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The Learning Conference 2003

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Presentation Details


Protecting Intellectual Property In The New Millennium

Sherr Mitchell A., Babovich Wayne M..

Every industrialized nation has enacted legislation to insure the protection of intellectual property. These protections have been enacted to encourage creativity and innovation and to create incentives to facilitate the sharing of information. Without such protections the creation and distribution learning would be inhibited. With the advent of the Internet and other electronic media, new threats to the appropriate dissemination of new ideas and new information have arisen. In response, the World Intellectual Property Organization has passed a series of treaties to update copyright laws. Most industrialized nations have reacted distinctly through national legislation. An analysis of the distinct ways in which various nations have addressed the means available to protect new forms of intellectual reveals the distinct economic, social, and political challenges facing each nation. National responses to protecting what is often an important generator of exports brings into the new millennium age old challenges.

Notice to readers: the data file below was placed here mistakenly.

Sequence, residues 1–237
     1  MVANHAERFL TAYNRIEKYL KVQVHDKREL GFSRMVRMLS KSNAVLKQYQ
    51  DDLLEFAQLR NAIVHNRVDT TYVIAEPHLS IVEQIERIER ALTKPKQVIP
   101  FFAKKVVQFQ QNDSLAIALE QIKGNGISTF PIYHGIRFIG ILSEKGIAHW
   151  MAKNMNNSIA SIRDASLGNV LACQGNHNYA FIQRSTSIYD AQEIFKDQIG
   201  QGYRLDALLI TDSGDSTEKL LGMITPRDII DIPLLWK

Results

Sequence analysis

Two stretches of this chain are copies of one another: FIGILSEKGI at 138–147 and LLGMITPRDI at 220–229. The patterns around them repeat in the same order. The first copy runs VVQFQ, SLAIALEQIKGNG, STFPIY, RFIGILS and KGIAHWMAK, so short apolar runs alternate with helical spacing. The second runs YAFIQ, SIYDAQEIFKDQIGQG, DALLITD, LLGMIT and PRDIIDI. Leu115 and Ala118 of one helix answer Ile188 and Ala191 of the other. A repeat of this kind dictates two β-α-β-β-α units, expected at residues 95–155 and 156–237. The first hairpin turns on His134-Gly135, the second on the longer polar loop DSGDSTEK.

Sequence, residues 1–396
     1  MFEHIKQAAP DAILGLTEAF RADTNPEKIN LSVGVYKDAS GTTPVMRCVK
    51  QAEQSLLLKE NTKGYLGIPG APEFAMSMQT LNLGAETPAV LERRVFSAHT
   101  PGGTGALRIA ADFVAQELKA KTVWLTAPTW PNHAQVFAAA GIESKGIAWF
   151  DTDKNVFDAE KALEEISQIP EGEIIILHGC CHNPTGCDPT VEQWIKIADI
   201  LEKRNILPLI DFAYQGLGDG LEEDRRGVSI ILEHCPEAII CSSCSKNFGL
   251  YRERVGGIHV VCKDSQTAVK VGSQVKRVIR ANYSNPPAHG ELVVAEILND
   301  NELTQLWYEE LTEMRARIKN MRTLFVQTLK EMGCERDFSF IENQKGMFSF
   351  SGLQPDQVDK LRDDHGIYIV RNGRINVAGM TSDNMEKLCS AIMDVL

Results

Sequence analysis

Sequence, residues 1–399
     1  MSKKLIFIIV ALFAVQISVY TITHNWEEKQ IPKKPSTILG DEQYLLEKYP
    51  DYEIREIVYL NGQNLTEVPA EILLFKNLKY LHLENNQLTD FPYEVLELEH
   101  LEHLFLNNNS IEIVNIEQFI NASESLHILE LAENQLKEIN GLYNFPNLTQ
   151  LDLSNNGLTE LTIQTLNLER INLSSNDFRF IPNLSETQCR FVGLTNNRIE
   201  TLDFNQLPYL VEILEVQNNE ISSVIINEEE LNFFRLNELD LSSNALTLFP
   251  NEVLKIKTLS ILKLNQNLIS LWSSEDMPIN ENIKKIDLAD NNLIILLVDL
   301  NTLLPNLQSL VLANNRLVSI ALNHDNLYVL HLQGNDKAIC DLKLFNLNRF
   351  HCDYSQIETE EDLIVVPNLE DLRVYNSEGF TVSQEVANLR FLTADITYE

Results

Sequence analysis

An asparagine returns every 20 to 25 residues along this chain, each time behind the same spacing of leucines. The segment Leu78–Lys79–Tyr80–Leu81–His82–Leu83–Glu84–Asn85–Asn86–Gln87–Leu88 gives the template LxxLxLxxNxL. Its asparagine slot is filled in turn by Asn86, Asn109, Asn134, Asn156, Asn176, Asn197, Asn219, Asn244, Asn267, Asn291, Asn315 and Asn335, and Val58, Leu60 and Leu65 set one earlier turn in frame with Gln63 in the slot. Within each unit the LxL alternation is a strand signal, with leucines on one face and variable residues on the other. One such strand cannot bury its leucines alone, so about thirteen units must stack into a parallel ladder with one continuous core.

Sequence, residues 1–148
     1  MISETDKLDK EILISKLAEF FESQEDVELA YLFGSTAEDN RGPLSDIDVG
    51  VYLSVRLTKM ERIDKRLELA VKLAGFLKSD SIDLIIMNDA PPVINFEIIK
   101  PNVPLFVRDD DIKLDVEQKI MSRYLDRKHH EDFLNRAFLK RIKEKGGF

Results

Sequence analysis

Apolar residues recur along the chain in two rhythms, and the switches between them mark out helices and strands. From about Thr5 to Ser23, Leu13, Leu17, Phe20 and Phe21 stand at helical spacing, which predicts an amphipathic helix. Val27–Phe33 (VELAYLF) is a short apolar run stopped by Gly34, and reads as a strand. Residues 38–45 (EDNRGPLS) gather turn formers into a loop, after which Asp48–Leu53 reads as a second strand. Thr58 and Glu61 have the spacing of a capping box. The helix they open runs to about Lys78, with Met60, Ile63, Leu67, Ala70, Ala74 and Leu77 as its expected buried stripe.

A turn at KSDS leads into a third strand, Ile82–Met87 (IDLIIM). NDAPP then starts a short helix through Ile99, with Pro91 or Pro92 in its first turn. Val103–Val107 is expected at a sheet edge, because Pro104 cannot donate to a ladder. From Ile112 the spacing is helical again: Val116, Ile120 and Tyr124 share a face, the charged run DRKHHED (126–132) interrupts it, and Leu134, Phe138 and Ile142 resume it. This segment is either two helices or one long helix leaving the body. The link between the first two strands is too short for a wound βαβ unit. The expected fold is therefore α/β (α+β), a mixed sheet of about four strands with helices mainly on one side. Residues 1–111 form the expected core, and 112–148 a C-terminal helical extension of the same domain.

Sherr Mitchell A.  (United States)
Associate Professor & Attorney
Organizational Leadership & Supervision
Indiana University-Purdue University at Fort Wayne

Babovich Wayne M.  (United States)
Senior Lecturer & Attorney
Public & Urban Affairs
University of New Orleans

  • Intellectual property
  • Protecting intellectual property
  • Legislation for intellectual property
  • World Intellectual Property
  • Organization
  • Treaties for intellectual property

(30 min Conference Paper, English)